Google has continued its push to highlight Android developers with the start of yet another new series it's calling #IMakeApps stories. Unlike some prior developer series' shared by the company, however, any app developer who wants to take part can, barring a few obvious exceptions. All they need to do is post to any social network with the hashtag "#IMakeApps." The post needs to include a share of the app or game that was worked on and what role was held by the sharer in its development or creation. The post should also include an image which Google describes as best depicting who the sharer is "outside of work." The search giant will be following those hashtags and selecting which stories to share, choosing the ones that best show the wide diversity of app developers. More to the point, the company hopes to show that developers can come from a huge variety of backgrounds, whether that's cultural, financial, or in terms of interests and aspirations.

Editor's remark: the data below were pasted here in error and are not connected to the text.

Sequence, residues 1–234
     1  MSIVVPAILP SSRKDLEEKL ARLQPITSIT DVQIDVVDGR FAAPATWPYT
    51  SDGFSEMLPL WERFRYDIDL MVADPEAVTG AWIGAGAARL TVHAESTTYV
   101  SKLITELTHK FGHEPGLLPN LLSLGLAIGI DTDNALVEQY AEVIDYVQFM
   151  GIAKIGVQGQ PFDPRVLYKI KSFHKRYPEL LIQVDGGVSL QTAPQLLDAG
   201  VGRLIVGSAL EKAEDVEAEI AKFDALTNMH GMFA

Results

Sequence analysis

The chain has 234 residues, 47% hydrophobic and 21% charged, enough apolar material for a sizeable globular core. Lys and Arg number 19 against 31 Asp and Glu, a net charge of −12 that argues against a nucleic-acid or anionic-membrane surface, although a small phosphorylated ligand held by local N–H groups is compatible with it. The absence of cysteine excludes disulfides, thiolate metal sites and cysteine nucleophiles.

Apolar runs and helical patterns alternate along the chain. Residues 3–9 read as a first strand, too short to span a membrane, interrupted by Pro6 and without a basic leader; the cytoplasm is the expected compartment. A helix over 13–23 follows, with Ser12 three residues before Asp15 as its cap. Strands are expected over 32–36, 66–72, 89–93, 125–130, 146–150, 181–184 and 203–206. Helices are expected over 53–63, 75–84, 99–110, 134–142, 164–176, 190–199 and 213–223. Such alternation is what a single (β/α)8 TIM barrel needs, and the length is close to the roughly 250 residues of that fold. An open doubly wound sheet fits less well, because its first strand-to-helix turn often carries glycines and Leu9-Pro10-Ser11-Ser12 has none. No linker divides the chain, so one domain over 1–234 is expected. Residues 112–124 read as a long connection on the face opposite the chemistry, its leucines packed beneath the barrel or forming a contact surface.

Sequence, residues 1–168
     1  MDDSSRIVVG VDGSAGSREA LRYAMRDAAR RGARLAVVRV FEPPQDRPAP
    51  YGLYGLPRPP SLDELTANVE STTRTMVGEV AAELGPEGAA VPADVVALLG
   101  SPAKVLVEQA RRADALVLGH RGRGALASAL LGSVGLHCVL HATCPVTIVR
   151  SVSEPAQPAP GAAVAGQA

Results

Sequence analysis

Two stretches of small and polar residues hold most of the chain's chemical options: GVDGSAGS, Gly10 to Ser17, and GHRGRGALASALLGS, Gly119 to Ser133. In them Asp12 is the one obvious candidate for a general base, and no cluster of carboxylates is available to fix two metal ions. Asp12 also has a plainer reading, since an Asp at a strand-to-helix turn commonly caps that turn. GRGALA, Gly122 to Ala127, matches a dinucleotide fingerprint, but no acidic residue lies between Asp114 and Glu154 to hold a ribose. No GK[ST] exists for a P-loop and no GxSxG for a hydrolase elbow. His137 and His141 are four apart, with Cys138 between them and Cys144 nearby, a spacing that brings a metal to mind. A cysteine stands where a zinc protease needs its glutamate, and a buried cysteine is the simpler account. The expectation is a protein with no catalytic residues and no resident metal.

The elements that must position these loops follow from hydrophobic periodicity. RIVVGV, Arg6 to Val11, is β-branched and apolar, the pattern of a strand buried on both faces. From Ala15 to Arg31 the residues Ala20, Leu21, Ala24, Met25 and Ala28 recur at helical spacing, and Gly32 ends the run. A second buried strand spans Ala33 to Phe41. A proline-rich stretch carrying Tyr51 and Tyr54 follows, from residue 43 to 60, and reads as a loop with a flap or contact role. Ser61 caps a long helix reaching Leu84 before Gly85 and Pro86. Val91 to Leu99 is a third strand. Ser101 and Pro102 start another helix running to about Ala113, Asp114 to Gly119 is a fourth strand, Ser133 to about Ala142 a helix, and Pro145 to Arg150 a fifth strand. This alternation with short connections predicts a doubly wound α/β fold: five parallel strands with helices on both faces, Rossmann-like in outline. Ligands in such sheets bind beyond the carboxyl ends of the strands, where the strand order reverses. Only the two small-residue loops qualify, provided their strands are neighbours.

To that end, the first story Google has chosen to share in the series centers its attention on a visually-impaired app developer and chair restoration hobbyist from Denmark named Hans Jørgen Wiberg. The man in question was a key part of an application called Be My Eyes, which is available for Android. Development on the application began when Wiberg started going blind himself at the age of 25 while working for the Danish Blind Association as a consultant. For those who may not be aware, Be My Eyes acts as a visual assistance service for the blind over a video call and was inspired by his role with the association. According to Wiberg, it spawned from consultations with blind clients asking for advice about their indecision regarding who to call for precisely that type of assistance. That was back in 2012 and after years of work on the project, it finally launched late last year. Since then the app has gained as many as a million volunteers to help provide the service and has been spread to as many as 150 countries across 180 languages.
Google hasn't provided any information about any upcoming highlights in the series or whether or not those will all take a video format. With more than 3.6 million apps currently available in the Google Play Store, it wouldn't necessarily be too surprising if the company was forced to take a wider variety of approaches to sharing their stories.